Spotlight on... Devil's Coach Horse

Devil’s Coach Horse (Ocypus olens)

in partnership with Wild Oxfordshire

Devil's Coach Horse

Devil’s Coach Horse (Ocypus olens) is a common long black beetle (up to 32mm), sometimes mistaken for an earwig, and one of the largest of the rove beetle family (staphylinids).

You can usually find these beetles around damp areas (decaying natural matter) such as parks, hedgerows, meadows, woods as well as being a common visitor in gardens.

The Devil’s Coach horse is nocturnal beetle, when it feeds on slugs, worms, spiders, woodlice and other invertebrates. During the day it tends to rest under stones, logs or leaf litter. Females lay their eggs in the soil, and these hatch into carnivorous larvae.

You will most probably recognise the Devil’s Coach Horse when it adopts its characteristic defensive pose (similar to a scorpion-stance) where it curls up its abdomen and open its fierce jaws! If it still feels threatened it squirts a foul-smelling fluid from its abdomen. Beware – this beetle can also give a painful bite

Devil’s Coach horse can be seen from April to October and you are most probably see them in early Spring and late Summer where they are more active.

Where are Devil's Coach Horses?

These beetles can be found in a variety of habitats which tend to be damp but not too wet habitats living around decaying matter. It is a familiar face in the wetland meadows and pastures that are part of the Yellow Wagtail Project and if you keep your eyes peeled whilst walking between Clifton Hampden and Little Wittenham, you might be lucky enough to see one.

According to our database, Devil’s Coach Horses can be found throughout Oxfordshire and Berkshire, with quite a few records in the Vale of White Horse. However, our database only includes information which people have provided to us (and we have collected), so a lack of records doesn’t mean that this beetle isn’t present in the area. All it means is that no-one has told TVERC they’ve spotted them… yet!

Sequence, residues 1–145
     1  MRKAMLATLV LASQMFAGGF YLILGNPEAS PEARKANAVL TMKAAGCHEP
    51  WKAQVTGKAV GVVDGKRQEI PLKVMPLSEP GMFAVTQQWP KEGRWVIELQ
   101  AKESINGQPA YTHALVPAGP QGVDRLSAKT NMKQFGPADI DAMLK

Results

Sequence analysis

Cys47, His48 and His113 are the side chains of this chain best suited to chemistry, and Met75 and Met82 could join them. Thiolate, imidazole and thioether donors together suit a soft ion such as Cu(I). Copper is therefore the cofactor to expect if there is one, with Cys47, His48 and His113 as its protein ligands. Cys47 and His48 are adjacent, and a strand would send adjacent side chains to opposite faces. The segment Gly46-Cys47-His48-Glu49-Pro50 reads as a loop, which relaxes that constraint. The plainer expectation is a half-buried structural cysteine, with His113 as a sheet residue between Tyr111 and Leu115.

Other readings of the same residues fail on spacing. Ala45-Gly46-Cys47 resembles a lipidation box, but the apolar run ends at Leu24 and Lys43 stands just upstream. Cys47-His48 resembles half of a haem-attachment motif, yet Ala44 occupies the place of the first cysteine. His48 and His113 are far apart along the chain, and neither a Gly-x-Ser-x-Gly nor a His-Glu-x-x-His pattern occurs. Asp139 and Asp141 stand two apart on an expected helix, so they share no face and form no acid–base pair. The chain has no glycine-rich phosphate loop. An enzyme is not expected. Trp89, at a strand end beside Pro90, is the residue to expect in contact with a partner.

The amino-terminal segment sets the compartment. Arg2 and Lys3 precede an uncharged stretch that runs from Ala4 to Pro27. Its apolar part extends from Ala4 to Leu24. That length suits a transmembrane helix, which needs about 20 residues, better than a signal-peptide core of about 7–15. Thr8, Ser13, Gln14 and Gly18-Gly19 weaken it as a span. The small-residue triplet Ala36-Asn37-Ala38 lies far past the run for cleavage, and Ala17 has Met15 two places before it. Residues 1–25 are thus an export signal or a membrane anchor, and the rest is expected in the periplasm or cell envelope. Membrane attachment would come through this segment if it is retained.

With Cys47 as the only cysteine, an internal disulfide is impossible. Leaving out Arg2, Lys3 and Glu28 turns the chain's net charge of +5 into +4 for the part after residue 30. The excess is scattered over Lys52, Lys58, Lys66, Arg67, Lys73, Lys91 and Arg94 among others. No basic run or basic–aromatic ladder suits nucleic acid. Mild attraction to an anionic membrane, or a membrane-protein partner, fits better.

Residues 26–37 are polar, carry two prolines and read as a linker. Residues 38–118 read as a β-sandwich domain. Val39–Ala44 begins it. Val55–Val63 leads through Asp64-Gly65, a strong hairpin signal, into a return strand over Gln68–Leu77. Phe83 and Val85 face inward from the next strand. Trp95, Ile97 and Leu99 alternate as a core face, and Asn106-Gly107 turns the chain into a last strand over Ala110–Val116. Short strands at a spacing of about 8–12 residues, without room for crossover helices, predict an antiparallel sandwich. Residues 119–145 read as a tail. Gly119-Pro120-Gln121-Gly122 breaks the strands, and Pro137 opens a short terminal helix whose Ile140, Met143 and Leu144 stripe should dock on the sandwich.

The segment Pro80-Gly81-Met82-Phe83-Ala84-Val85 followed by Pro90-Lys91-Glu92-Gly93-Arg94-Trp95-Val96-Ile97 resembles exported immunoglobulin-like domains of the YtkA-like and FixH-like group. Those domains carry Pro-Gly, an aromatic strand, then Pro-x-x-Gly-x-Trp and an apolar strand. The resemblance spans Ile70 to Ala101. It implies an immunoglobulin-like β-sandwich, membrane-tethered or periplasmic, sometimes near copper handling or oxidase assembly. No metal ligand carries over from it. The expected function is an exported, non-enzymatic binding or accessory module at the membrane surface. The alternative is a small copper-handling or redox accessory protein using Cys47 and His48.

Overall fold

Have you seen any Devil's Coach Horses?

If you spot any wildlife when you’re out and about, share your records with TVERC via our website By letting TVERC know what you have seen you will help protect and improve your local environment by increasing the quality and quantity of data we hold. Photographs are always helpful too, as we keep an image gallery of species found in Oxfordshire and Berkshire.

Absence records are also very useful, so also let us know if you’ve been out and haven’t seen anything!

Your records can inform a variety of exciting biodiversity projects and help people make informed decisions about how to develop and manage land sustainably. We are a ‘not for profit’ organisation so rely on valuable help from skilled volunteers to improve our database.

Identification help

Devil’s Coach horse have a long uniform black body with an extended exposed powerful abdomen with shortened wing cases. They are capable of flight but are rarely seen flying. They have a flattened head and sharp pincer mouthparts.

Devil’s Coach Horse are easy to identify when assuming their characteristic scorpion-like stance when threatened or disturbed.

Find out more

Check out the links below for more information on Devil’s Coach Horse and how to identify it!